There are two types of philosophies in terms of creating content, and you have to pick which one to follow.
If you’ve ever studied Mike Ferry and Tom Ferry, you know that they offer two fundamentally different philosophies on how to publish content. Tom uses a very “cafeteria” approach (i.e., “I’ll teach you 33 ways to get listings!”). It centers on teaching you how to get business in all types of ways. There is no wrong way, you just have to pick which way is best for you. Mike’s philosophy mandates that there is only one way to sell real estate: his way.
Generally speaking, if you run a brokerage model, you probably use a cafeteria approach. If you run a team, you probably do business one way. When you publish content, be conscious of that fact. My recommendation to most of you, since you’re growing your teams, is to have a singular way of doing things.
The content you’re publishing, these two educational videos per month, are essentially just training videos for your current staff. That’s the best way to think about it. Every two weeks (or once a month if you record both videos at the same time), you record a training video for your current agents. If you’re a hardcore prospecting office, for example, you’re not doing doing a training video on how to do direct mail—you’re doing a training video on prospecting.
When someone watches your videos and sees what you’re teaching, then comes to your workshop to see what you’re saying, then comes to your consultation to see what you’re saying, then starts working for you, your message is congruent all the way through.
I don’t advise publishing any videos that you wouldn’t want to provide as training for your agents. Think of it like this: All the videos you publish are for your existing agents. They're really designed for agent training, but you happen to be sharing them with the entire world.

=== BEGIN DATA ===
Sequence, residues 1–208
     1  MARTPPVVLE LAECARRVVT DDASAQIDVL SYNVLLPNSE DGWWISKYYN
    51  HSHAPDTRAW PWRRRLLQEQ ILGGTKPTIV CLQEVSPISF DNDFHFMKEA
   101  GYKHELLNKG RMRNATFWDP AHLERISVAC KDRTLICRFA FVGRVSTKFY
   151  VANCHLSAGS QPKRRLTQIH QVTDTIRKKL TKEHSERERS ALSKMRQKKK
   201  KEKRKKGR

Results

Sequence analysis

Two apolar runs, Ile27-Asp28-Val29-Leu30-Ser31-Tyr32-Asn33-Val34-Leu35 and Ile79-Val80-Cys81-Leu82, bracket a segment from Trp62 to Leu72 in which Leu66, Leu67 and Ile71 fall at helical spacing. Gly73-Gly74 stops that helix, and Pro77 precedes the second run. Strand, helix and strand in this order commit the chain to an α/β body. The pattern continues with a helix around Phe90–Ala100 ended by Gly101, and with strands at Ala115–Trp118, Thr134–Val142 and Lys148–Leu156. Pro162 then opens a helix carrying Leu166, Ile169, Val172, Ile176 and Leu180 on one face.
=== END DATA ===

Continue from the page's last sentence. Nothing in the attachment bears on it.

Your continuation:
For example, imagine you’re saying something like this during one of your videos: “I was meeting with Bob, one of our agents, and he asked me, ‘How long should I let the phone ring before I hang up and leave a message?’ That’s a great question, and I want to share it with you guys.”
The “you guys” in this case is really the rest of your office, but you’re posting the video online and inviting everyone else in to see the internal training videos you’re providing for your existing agents. That will keep you grounded in your content. You’re looking inward and providing for your agents while letting the rest of the world in, rather than making a video for all the agents in your area. On top of that, you’ll naturally gravitate toward selling and talking about your team or brokerage—things you would never do if the audience was your existing agents.
So unless there’s an exception, show your agents your menu of content, tell them how you do things, what kind of training you provide, and how they should go about their business. This is your proven plan, and all the videos you publish are congruent with what they get when they join your team. The content is narrower in scope, but the videos you publish build an internal training your agents can use to get answers to questions as to how they can do their job better.